Bold posters a jibe at CBFC? Filmmakers seem to be channelling their rebellious streak
After much back and forth with the Censor Board, makers of Alankrita Shrivastava’s Lipstick Under My Burkha, finally released the poster of the film with the release date and it’s already creating a lot of buzz.bollywood Updated: Jul 15, 2017 13:40 IST
After repeatedly locking horns with the Central Board of Film Certification (CBFC; informally called Censor Board) since December 2016, director Alankrita Shrivastava’s film, Lipstick Under My Burkha, finally got a July release date earlier this month.
The film’s poster, which shows a lipstick in place of the middle finger, released on Tuesday, creating a buzz for what many think is the makers’ way of getting back at CBFC chairperson Pahlaj Nihalani, who had earlier denied the film certification, terming it “lady-oriented”. But the film will finally see the light of day, after they approached the Film Certification Appellate Tribunal (FCAT).
Ask Alankrita about the intent behind the poster, and she says, “The poster is about women having fun and defying patriarchy (sticking to the film’s theme). The credit goes to Ekta [Kapoor] and team and the design agency for coming up such an innovative idea to put across our point. The society has constantly been controlling women. How long will we let people do this? We’ve said that through the poster and at the end of the day, it’s a small act of rebellion and threat to patriarchy. If you think about it, it’s actually funny. You don’t have to take out a morcha, being ourselves is itself a threat to society.”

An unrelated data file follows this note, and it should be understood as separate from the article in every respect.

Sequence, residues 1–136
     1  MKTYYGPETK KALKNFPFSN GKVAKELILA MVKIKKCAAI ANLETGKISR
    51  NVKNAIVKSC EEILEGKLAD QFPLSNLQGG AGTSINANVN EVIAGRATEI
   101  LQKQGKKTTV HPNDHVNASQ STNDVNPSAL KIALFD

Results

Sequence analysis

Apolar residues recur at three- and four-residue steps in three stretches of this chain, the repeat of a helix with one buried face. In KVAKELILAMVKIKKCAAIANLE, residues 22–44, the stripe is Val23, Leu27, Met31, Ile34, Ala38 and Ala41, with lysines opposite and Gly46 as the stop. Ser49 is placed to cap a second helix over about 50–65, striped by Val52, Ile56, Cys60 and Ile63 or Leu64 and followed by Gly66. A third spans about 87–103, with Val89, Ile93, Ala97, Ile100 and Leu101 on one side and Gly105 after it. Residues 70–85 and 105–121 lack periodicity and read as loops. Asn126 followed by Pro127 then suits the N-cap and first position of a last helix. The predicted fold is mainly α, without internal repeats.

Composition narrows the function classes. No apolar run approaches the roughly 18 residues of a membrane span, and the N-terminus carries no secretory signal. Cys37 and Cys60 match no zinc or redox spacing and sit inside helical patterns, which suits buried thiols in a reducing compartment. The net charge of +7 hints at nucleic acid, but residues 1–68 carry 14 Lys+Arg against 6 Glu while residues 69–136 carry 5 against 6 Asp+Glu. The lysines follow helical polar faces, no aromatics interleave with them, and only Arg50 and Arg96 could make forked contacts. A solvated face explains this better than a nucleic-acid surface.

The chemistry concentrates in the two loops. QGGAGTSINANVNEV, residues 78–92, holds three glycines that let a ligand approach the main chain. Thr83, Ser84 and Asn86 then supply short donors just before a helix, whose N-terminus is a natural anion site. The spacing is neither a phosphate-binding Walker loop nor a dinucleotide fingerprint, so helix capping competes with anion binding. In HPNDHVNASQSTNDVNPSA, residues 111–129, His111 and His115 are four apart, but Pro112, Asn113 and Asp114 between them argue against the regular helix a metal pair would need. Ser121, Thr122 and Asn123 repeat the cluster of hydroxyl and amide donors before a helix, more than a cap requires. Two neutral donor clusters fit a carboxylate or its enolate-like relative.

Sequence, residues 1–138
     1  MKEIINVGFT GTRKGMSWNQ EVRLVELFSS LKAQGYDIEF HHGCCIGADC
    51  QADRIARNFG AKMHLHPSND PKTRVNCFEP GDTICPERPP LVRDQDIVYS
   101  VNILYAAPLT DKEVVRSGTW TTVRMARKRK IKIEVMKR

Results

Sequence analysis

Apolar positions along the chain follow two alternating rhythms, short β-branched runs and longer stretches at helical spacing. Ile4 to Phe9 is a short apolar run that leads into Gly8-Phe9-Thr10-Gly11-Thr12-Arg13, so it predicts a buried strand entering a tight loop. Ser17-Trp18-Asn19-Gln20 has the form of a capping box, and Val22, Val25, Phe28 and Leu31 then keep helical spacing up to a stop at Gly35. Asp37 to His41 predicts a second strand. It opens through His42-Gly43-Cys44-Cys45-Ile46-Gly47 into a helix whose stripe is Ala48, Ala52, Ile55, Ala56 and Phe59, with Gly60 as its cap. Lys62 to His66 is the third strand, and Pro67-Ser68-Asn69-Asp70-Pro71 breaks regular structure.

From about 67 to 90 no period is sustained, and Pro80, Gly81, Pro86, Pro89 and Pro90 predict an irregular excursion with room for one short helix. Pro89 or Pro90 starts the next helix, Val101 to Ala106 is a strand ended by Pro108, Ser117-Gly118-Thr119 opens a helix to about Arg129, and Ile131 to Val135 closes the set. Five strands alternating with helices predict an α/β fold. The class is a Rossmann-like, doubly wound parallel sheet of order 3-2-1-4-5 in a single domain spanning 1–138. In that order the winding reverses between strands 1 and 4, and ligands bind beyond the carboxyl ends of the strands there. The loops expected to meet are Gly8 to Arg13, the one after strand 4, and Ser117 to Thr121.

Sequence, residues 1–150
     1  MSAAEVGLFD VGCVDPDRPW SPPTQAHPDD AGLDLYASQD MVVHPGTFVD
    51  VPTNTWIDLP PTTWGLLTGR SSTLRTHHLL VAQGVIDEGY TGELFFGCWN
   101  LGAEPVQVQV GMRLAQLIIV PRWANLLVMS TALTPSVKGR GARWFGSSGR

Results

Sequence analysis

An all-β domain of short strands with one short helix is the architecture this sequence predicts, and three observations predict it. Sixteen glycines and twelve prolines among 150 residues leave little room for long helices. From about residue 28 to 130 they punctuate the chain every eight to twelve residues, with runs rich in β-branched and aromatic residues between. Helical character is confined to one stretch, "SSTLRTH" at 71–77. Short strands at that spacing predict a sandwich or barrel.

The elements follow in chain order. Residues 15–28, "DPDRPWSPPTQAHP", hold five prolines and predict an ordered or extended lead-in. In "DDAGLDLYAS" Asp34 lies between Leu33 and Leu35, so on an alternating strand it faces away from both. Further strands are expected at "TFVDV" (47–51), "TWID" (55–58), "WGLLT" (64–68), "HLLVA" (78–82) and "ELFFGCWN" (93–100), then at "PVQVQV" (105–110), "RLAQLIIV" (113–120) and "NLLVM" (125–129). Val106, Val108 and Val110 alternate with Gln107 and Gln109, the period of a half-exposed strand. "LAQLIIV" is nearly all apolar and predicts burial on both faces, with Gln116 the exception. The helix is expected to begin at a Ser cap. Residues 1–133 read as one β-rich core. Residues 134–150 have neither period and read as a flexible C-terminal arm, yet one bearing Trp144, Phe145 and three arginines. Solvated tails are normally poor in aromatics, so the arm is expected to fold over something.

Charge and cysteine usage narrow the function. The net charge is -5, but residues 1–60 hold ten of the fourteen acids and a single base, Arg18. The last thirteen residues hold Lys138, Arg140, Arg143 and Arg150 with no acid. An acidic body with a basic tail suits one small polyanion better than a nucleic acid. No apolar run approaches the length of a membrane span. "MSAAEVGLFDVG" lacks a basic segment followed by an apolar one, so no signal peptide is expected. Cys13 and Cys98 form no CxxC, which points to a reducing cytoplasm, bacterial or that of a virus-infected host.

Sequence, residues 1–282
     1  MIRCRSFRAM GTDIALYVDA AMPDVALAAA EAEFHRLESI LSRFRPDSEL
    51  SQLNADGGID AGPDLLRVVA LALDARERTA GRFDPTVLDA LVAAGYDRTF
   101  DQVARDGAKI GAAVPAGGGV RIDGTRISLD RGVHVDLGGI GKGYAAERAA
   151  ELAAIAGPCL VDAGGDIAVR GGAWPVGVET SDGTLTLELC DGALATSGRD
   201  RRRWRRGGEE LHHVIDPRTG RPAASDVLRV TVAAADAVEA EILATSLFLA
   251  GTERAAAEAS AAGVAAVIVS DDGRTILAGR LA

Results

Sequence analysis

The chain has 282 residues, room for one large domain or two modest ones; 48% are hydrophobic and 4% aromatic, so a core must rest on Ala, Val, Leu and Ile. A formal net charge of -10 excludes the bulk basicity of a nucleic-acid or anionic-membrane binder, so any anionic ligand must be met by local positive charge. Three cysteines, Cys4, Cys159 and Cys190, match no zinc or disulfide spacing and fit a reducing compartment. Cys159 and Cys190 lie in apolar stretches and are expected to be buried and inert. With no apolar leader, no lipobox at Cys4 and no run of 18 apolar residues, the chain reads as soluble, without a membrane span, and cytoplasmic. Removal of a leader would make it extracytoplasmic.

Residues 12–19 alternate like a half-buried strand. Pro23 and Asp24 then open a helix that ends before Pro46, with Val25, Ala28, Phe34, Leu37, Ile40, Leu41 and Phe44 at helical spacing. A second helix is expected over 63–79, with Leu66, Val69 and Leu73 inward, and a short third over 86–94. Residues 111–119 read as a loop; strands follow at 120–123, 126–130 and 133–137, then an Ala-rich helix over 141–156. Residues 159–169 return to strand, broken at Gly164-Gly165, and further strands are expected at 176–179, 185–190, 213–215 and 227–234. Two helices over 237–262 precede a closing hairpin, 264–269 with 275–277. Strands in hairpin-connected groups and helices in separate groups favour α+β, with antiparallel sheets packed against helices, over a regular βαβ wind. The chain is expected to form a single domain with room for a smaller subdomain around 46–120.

This poster, which went viral, isn’t the only example of bold posters of films that ran into trouble with the Censor Board. Befikre posters had Ranveer Singh and Vani Kapoor on a lip-lock spree, the one for Fuddu saw the lead actor standing naked holding a flower pot hiding his modesty, whereas erotic thriller Wajah Tum Ho’s poster stressed on steamy scenes.
But is this their way of turning rebel? “When I see such a poster, I don’t think about CBFC but what the film is trying to say. So, posters [like these] end up becoming a great marketing tool to create awareness and interest in the film, especially if it’s a small budget film. You try certain things and this poster business work wonders for a film,” says filmmaker Onir, adding that CBFC anyway has no control over what’s being released in the web space.
Actor Sana Khan of Wajah Tum Ho says, “Filmmakers know that they can’t put everything in execution in the film, so they put it out there in the form of bold posters”. She adds that Censor Board needs to anyway become slightly more lenient and let go certain things otherwise there will be all sorts of weird films being made.”
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